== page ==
Use this URL to cite or link to this record in EThOS: http://ethos.bl.uk/OrderDetails.do?uin=uk.bl.ethos.629208
Title: A cross-cultural study of the coping strategies of Turkish and English adults
Author: Kortantamer, Z. I.
Awarding Body: Nottingham Trent University
Current Institution: Nottingham Trent University
Date of Award: 2011
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Abstract:
This project examined the similarities and differences of the coping process of English and Turkish adults. It focused on stress in close relationships and how individuals from these two cultures coped with it. A mixed method approach with a sequential mixed design consisting of an initial qualitative study followed by a quantitative study was applied. The qualitative study was exploratory and investigated the coping process of 10 English adults, 10 Turkish adults living in Turkey and 10 Turkish adults living in the UK through semi structured interviews. Turkish adults living in the UK were included in the study to investigate the effect of acculturation on the coping strategies of Turkish people. A grounded theory analysis was used which provided detailed information on the coping process of these groups. The results suggested that the Turkish participants used the coping strategies self expression, seeking social support, avoidance and problem solving more than the English participants. It was also found that as Turkish participants lived in UK for a while they used these coping strategies less frequently than the Turkish participants living in Turkey. Also as a result of the grounded theory analysis a model of coping patterns emerged which depicted the tendential order of successive coping strategies employed by the participants. In the quantitative study eight hypotheses about the primary appraisals and coping strategies of Turkish and English adults were formulated based on the findings of the grounded theory analysis and literature review. 300 Turkish (150 living in Turkey and 150 living in the UK) and 150 English adults completed the COPE and ALE scales. The hypotheses were tested through ANOVAs and hierarchical regression analysis. The findings of the quantitative study suggest that Turkish adults living in Turkey and the UK use active coping, planning, restraint coping, focus on and venting of emotions, and religion as coping strategies significantly more than English adults. There were also differences between the two Turkish groups. Turkish adults living in Turkey used significantly more planning, venting of emotions, seeking instrumental and emotional social support and religion than the Turkish adults living in the UK. Culture also affected the appraisal process. Turkish adults living in Turkey and UK appraised the stressful situation more as loss than the English adults. Overall the findings suggest that culture is a significant factor influencing the appraisal and coping process.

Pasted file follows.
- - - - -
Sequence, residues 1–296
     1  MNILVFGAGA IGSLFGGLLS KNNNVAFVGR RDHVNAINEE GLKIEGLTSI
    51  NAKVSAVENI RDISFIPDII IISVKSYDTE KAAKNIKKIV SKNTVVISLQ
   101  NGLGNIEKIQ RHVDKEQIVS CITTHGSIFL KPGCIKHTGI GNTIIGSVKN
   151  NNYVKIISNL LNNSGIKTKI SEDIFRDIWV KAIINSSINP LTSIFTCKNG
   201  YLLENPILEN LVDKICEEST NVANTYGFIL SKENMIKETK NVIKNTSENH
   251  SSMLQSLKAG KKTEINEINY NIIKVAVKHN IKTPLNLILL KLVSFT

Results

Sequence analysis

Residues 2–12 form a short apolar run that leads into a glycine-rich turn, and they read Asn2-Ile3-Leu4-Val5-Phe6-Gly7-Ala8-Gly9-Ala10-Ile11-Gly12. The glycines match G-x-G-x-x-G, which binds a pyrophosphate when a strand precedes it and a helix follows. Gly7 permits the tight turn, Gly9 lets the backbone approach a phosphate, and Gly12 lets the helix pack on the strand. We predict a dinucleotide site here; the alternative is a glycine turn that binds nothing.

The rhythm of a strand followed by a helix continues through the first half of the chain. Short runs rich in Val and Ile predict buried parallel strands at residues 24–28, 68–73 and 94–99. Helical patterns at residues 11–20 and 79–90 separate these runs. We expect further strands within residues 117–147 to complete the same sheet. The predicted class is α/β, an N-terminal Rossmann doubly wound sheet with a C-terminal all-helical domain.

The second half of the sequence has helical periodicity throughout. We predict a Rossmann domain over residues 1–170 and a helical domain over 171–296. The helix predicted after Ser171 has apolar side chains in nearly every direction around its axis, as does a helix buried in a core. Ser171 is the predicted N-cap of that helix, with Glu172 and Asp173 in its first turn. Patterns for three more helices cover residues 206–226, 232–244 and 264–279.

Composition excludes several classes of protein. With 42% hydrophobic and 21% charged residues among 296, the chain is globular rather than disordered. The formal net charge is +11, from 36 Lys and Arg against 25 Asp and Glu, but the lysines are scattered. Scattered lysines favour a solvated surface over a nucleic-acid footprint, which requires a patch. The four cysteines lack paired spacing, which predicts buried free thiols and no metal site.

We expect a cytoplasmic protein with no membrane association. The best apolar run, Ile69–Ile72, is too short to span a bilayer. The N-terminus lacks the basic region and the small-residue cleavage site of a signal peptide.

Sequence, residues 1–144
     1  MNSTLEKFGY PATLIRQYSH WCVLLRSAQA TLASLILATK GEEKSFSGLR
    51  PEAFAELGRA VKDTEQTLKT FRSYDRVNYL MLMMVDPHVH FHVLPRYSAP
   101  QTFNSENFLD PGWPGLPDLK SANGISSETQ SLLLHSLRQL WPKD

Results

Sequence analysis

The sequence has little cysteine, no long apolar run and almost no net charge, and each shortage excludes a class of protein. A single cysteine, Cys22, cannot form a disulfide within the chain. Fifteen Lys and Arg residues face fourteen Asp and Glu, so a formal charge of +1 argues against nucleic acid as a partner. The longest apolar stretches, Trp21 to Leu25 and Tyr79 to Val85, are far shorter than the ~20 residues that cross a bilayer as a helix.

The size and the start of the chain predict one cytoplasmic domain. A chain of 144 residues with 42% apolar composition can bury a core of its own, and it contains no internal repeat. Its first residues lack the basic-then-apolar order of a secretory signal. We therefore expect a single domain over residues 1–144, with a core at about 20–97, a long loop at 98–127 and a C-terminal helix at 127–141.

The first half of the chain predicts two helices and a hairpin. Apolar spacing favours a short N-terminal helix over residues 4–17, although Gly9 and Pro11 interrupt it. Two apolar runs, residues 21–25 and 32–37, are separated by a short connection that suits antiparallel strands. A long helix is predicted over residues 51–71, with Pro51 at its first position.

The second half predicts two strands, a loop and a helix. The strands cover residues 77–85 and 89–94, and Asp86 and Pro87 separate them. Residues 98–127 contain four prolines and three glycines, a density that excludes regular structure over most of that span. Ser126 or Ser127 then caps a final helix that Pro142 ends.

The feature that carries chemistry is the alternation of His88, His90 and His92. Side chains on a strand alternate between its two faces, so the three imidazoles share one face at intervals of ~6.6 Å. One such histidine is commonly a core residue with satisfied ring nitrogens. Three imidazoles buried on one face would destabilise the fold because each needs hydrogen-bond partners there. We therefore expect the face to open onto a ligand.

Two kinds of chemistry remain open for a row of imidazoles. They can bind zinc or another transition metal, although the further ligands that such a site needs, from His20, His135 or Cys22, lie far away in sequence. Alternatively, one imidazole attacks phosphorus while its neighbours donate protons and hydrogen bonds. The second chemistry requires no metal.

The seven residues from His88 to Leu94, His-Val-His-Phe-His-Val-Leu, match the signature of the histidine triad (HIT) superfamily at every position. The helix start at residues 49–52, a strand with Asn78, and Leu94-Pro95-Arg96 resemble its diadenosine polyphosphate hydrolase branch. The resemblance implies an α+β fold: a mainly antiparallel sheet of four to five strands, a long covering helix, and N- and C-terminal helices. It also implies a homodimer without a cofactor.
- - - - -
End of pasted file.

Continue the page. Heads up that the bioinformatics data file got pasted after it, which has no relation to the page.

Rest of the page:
Supervisor: Not available Sponsor: Not available
Qualification Name: Thesis (Ph.D.) Qualification Level: Doctoral
EThOS ID: uk.bl.ethos.629208  DOI: Not available
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